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"After an email exchange that lasted over two months, “Brian” informed us on August 1, 2015, that the ability to share documents via short URLs “appears by design” and “does not currently warrant an MSRC case.”

What is it with these large companies ignoring serious security issues while paying attention to smaller ones? I reported something to Facebook that was a moderate privacy concern and got a bug bounty. A few months later, I discovered that I could make Facebook falsely report the domain that a posted URL goes to, and they denied that it was even a bug. So I could share a URL on mydomain.com, customize the contents of the share posting ("Obama says he's going to nuke Russia"), and Facebook would show users in the post that the link goes to Whitehouse.gov or CNN.com or any other domain I choose. This still works perfectly.

These companies really need to take a look at the analytical abilities of those they are employing to screen bug reports.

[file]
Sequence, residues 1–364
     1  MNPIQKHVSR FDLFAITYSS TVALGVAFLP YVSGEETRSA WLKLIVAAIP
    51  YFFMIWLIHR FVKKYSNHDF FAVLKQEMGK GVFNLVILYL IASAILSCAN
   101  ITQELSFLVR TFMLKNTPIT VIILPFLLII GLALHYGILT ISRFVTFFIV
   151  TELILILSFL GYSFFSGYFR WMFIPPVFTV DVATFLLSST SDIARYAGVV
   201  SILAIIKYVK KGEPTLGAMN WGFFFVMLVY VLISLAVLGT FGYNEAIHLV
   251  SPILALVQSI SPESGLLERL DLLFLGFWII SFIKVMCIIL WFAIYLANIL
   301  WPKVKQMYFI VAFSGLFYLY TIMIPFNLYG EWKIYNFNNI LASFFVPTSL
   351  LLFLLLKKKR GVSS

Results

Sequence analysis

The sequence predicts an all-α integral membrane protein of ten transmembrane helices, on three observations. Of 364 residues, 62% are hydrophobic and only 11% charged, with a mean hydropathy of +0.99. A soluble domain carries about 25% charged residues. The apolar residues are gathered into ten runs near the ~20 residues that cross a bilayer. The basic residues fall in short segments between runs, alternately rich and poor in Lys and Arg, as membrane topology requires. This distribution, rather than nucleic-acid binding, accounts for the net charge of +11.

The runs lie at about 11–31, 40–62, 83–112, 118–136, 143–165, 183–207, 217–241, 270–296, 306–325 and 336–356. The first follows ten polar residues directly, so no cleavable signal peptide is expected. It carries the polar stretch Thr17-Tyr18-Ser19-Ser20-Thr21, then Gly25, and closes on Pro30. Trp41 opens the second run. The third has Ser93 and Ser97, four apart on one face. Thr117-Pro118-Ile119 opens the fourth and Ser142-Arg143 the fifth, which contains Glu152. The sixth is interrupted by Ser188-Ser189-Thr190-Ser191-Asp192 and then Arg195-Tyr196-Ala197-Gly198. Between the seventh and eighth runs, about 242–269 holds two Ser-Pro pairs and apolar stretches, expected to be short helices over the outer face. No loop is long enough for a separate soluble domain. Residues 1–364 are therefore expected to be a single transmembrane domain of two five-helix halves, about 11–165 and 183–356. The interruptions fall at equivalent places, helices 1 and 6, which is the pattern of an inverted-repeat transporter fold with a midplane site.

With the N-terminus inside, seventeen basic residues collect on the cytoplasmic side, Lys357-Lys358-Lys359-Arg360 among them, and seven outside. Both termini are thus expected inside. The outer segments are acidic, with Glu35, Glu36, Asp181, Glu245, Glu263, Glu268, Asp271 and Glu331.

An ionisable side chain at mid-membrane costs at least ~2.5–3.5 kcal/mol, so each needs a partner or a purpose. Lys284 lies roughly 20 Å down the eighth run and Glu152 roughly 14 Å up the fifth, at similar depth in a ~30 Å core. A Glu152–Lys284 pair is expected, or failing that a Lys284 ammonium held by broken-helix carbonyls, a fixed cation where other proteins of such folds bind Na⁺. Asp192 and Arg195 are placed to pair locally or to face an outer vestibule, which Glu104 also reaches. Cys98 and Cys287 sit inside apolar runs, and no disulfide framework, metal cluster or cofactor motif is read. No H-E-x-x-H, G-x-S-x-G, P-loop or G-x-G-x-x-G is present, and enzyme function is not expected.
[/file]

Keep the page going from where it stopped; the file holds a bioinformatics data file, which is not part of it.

One also needs to take into account how these larger companies' internal groups function.

"Brian" probably looked into it, knowing that obscurity != security, but got a response back from the group responsible that was the way they intended it to work, and that group's management wasn't going to do anything about it. "Brian" may have even put messages in the right ear up the management chain such that it would actually effect the outcome.

The fact that the email exchange lasted 2 months before "Brian" said "Sorry, not a case." probably means that "Brian" was trying to make it happen and had actually done an analysis.

* Note: I'm NOT Brian. I've never worked for Microsoft.

Probably some metric says that if "Bob" gets less than X cases per year he gets a bonus. Problem is "Bob" determines "Frank's" wage and "Frank" is "Brian's" boss. It is probably more complicated than that but that's what it always boils down to.

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